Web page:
Now think about the battery size of the ipods and other tiny little players. How much headroom there is available in a 1 volt DC portable audio system. Or a regular CD player with about 1VAC max output. Compare this to the typical +-15Volt driven studio gear. Digital can have 'hidden' overshots up to 10dB above the maximum sample value. That's a lot of voltage to ask for.

No sane manufacturer will spend time, energy and money to develop more headroom in their gear when all it takes to playback perfectly fine is a bit of (un)common sense when setting the digital level in the source. Why should gear manufacturers raise the prices of their product to cope with illegal samples? They won't. They spend the finances to get more of whatever they need more of to sell more. Tiny physical size, larger storeage capacity, better hardware protection, better design and so forth.



Nika Aldrich on the 'hidden overs': http://www.cadenzarecording.com/pape...distortion.pdf
Several TC papers on the subject: http://www.tcelectronic.com/TechLibr...olandMastering
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5th April 2006
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Quote:
Originally Posted by Masterer
Whoa. Sounds like you're using the wrong jackass mastering guys.

Actually I don't need to use any mastering guys since I have never recorded anything that needed to be mastered. But I was refering to some cd's I have bought recently.

like...

Dream Theatre Octavium. Way over limited
Audio Slave's first cd . Horribly over limited

I could go on but I'm sure you don't care........

My point was ... well...........lol actually lol just forget it ! it doesn't matter
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6th April 2006
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Quote:
Originally Posted by DP40oz

I totally have the upmost respect for all of you who have the technical background and intelligence to understand the real science behind these things, but just as far as the ipod loving market goes i feel like the negatives talked about by clipping are noticed by virtually nobody outside the audio community. LOUDNESS on the other hand is noticed by everyone. It is common knowledge that if 2 things are backed to back whatever is louder is usually percieved by the general population as sounding better regardless of quality.
Taken to its logical extreme, you just said, "OK, everyone turn all your pots up to 11, clip the pants off of everything, forget the mixing and the mastering..."

BK
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6th April 2006
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I'm just wondering when some bat eating gothic death metal band is going to realise you can wreak more chaos and physically hurt people with extremely dynamic material.

Have parts of your music real low, so they have to turn up their volume. Then hit them between the ears with a sudden 24db boost that will kill their speakers and rupture ear drums. That's got to be more macho than listening to a boring square wave.
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6th April 2006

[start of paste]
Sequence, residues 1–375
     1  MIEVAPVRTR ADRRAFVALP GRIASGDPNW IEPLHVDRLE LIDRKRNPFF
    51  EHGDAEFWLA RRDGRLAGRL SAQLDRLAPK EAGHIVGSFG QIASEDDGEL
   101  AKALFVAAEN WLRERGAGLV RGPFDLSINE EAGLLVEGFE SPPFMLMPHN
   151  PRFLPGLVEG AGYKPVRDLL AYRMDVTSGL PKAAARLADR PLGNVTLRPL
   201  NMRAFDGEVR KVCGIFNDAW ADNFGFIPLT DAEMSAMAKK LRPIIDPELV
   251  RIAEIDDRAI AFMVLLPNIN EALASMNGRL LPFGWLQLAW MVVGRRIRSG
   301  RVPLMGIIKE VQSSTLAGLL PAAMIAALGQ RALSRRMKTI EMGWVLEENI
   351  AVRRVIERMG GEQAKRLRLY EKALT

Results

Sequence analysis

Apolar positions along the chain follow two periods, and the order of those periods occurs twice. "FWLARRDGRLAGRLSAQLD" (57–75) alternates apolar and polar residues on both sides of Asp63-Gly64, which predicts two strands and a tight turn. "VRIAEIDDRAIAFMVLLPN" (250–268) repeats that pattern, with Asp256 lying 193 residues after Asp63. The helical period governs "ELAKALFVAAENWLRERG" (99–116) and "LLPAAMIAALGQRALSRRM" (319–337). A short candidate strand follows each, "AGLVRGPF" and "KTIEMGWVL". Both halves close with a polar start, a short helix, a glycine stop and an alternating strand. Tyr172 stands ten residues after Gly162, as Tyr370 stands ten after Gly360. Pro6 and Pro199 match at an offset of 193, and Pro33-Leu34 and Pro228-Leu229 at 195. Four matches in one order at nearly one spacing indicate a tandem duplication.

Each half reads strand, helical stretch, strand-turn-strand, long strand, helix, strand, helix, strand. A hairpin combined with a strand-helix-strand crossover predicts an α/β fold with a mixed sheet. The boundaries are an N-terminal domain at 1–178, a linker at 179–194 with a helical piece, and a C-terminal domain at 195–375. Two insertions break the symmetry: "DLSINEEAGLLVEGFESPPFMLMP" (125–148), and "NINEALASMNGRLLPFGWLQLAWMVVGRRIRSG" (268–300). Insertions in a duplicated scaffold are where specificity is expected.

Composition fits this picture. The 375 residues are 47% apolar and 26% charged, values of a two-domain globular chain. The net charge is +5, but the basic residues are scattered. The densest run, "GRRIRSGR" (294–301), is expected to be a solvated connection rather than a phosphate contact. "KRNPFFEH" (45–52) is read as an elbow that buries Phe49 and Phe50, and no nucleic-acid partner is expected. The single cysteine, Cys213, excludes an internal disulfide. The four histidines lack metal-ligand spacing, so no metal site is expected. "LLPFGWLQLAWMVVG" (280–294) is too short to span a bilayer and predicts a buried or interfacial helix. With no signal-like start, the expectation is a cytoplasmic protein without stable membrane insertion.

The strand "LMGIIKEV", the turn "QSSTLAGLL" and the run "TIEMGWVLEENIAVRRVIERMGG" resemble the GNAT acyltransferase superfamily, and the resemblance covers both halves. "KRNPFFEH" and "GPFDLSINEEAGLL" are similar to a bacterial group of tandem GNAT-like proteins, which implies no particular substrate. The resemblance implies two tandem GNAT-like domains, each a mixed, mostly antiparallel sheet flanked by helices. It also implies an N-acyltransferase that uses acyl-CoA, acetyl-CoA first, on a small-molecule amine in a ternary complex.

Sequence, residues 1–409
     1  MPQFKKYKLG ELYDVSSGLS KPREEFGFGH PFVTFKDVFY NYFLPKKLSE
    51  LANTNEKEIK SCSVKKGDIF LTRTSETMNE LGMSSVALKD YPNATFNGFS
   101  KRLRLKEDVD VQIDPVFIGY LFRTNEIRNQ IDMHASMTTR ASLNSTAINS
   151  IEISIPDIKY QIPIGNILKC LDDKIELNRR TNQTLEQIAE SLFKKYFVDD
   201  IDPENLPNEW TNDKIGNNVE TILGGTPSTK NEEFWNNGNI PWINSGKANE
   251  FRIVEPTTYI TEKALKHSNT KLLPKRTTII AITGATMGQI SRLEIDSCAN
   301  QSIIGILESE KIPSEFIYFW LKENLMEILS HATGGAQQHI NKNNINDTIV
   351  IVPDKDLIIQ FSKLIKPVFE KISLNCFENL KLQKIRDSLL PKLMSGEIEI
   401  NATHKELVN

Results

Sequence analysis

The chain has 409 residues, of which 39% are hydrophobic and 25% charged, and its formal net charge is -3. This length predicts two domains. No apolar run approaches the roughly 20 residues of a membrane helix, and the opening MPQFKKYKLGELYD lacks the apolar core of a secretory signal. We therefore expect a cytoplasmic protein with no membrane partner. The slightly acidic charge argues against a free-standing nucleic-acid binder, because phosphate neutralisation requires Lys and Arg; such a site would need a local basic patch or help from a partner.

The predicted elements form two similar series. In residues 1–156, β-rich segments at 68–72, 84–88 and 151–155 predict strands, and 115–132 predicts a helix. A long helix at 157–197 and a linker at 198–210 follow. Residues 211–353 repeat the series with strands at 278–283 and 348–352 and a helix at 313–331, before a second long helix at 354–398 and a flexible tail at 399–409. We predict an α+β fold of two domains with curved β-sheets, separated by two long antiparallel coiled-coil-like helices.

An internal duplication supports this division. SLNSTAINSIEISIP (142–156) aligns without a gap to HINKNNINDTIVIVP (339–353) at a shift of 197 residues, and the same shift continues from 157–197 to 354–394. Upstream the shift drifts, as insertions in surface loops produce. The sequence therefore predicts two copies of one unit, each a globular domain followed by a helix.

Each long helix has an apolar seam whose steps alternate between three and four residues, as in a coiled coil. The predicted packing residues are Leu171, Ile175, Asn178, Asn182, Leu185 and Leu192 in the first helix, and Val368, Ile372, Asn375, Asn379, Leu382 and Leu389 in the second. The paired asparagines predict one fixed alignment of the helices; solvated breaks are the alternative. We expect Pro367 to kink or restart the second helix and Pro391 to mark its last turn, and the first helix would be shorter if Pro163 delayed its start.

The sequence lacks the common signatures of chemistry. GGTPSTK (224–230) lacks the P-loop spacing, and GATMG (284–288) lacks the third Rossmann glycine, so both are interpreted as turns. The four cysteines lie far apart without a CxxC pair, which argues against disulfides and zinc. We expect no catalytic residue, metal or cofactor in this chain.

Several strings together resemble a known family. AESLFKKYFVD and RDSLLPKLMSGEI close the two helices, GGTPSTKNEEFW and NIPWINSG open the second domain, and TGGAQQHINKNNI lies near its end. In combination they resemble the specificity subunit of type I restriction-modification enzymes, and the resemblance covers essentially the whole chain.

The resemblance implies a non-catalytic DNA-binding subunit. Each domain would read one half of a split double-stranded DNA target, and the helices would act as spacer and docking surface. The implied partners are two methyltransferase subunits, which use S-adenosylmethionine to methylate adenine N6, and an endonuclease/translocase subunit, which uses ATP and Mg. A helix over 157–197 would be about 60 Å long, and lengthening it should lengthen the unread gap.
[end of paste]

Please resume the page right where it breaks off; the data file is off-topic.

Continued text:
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Quote:
Originally Posted by bob katz
Taken to its logical extreme, you just said, "OK, everyone turn all your pots up to 11, clip the pants off of everything, forget the mixing and the mastering..."

BK
Bob im glad you responded because i've read almost everything you've written and i think you're perspective and insight is brilliant to me. All i am saying is with the new trend of IPOD's, Itunes, Computer Playlists etc.. more then ever people are listening to songs from different artists one after another. Volume differences have become very noticable because of this. Even the most trained ears will still fall for loudness sounding better at times.

My statement was made because of lack of faith in the conusmer market. One of the first questions i'm asked at the start of working with almost any band is "Can you make it as loud as this?". Do i explain the negatives that they will barely notice about sacrificing quality for volume or do i do what the client asks. I struggle with that just live everyone here.
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6th April 2006
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I think people need to always be looking at the purpose and goals of the recording when they make choices.

When a major purpose is obtaining exposure for the artist, how a CD sounds when broadcast becomes pretty important.
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6th April 2006
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  #25
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not_so_new's Avatar
 
Joined: Apr 2004
Posts: 5,754

Quote:
Originally Posted by Bob Olhsson
I think people need to always be looking at the purpose and goals of the recording when they make choices.

When a major purpose is obtaining exposure for the artist, how a CD sounds when broadcast becomes pretty important.
I agree... I think the problem (often overlooked I might add) is making a decision to consciously turn down the master takes logical thinking not artistic thinking.

Much of what makes music interesting to musicians and the audience alike is the gut-levelness of it, the unconscious part. Many "artists" (I use the term loosely for some of today's music) are very used to reacting from a gut level with any musical decisions and when they hear their CD side by side with a hot master 4 or 5 or what have you db louder their gut tells them their CD does not sound as good. At that point they may logically want to back down a bit from the edge but the artistic unconscious part of their mind is calling out with a warning.